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The beautiful Margaret Odell, famous Broadway beauty and ex-Follies girl known as “The Canary”, is found murdered in her apartment. She has a number of men in her life, ranging from high society to gangsters, and more than one man visited her apartment on the night she dies. It is Philo Vance’s characteristic erudition that leads him to a key clue that allows him to penetrate a very clever alibi and reveal the killer. “The strangeness, the daring, the seeming impenetrability of the crime marked it as one of the most singular and astonishing cases in New York’s police annals; and had it not been for Philo Vance’s participation in its solution, I firmly believe it would have remained one of the great unsolved mysteries of this country.”
328 pages, with a reading time of ~5.0 hours (82,045 words), and first published in 1927. This DRM-Free edition published by epubBooks, 2015.
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In the offices of the Homicide Bureau of the Detective Division of the New York Police Department, on the third floor of the Police Headquarters building in Center Street, there is a large steel filing cabinet; and within it, among thousands of others of its kind, there reposes a small green index-card on which is typed: “ODELL, MARGARET. 184 West 71st Street. Sept. 10. Murder: Strangled about 11 p.m. Apartment ransacked. Jewelry stolen. Body found by Amy Gibson, maid.”
Here, in a few commonplace words, is the bleak, unadorned statement of one of the most astonishing crimes in the police annals of this country—a crime so contradictory, so baffling, so ingenious, so unique, that for many days the best minds of the Police Department and the District Attorney’s office were completely at a loss as to even a method of approach. Each line of investigation only tended to prove that Margaret Odell could not possibly have been murdered. And yet, huddled on the great silken davenport in her living-room lay the girl’s strangled body, giving the lie to so grotesque a conclusion.
The true story of this crime, as it eventually came to light after a disheartening period of utter darkness and confusion, revealed many strange and bizarre ramifications, many dark recesses of man’s unexplored nature, and the uncanny subtlety of a human mind sharpened by desperate and tragic despair. And it also revealed a hidden page of passional melodrama which, in its essence and organisms, was no less romantic and fascinating than that vivid, theatrical section of the Comédie Humaine which deals with the fabulous love of Baron Nucingen for Esther van Gobseck, and with the unhappy Torpille’s tragic death.
Margaret Odell was a product of the bohemian demi-monde of Broadway—a scintillant figure who seemed somehow to typify the gaudy and spurious romance of transient gaiety. For nearly two years before her death she had been the most conspicuous and, in a sense, popular figure of the city’s night life. In our grandparents’ day she might have had conferred upon her that somewhat questionable designation, “the toast of the town”; but to-day there are too many aspirants for this classification, too many cliques and violent schisms in the Lepidoptera of our café life, to permit of any one competitor being thus singled out. But, for all the darlings of both professional and lay press-agents, Margaret Odell was a character of unquestioned fame in her little world.
Her notoriety was due in part to certain legendary tales of her affairs with one or two obscure potentates in the backwashes of Europe. She had spent two years abroad after her first success in “The Bretonne Maid”—a popular musical comedy in which she had been mysteriously raised from obscurity to the rank of “star”—and, one may cynically imagine, her press-agent took full advantage of her absence to circulate vermilion tales of her conquests.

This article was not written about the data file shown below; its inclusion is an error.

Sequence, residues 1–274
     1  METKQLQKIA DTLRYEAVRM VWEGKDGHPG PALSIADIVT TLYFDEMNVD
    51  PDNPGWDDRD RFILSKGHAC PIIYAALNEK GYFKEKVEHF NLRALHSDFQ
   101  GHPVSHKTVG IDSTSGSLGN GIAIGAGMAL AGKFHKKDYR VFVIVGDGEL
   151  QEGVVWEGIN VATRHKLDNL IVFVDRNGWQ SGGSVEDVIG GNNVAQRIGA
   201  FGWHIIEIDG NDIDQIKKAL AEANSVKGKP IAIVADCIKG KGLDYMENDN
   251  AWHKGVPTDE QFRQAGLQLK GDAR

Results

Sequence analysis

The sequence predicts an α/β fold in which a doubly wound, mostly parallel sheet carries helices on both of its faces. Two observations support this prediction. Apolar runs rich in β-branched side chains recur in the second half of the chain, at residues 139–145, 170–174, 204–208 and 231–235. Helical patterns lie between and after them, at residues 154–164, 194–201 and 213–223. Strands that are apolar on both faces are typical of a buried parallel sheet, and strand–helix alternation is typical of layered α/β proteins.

Her appearance went far toward sustaining her somewhat equivocal fame. There was no question that she was beautiful in a hard, slightly flamboyant way. I remember seeing her dancing one night at the Antlers Club—a famous rendezvous for post-midnight pleasure-seekers, run by the notorious Red Raegan. She impressed me then as a girl of uncommon loveliness, despite the calculating, predatory cast of her features. She was of medium height, slender, graceful in a leonine way, and, I thought, a trifle aloof and even haughty in manner—a result, perhaps, of her reputed association with European royalty. She had the traditional courtesan’s full, red lips, and the wide, mongoose eyes of Rossetti’s “Blessed Damozel.” There was in her face that strange combination of sensual promise and spiritual renunciation with which the painters of all ages have sought to endow their conceptions of the Eternal Magdalene. Hers was the type of face, voluptuous and with a hint of mystery, which rules man’s emotions and, by subjugating his mind, drives him to desperate deeds.
Margaret Odell had received the sobriquet of Canary as a result of a part she had played in an elaborate ornithological ballet of the “Follies,” in which each girl had been gowned to represent a variety of bird. To her had fallen the rôle of canary; and her costume of white-and-yellow satin, together with her mass of shining golden hair and pink-and-white complexion, had distinguished her in the eyes of the spectators as a creature of outstanding charm. Before a fortnight had passed—so eulogistic were her press notices, and so unerringly did the audience single her out for applause—the “Bird Ballet” was changed to the “Canary Ballet,” and Miss Odell was promoted to the rank of what might charitably be called première danseuse, at the same time having a solo waltz and a song interpolated for the special display of her charms and talents.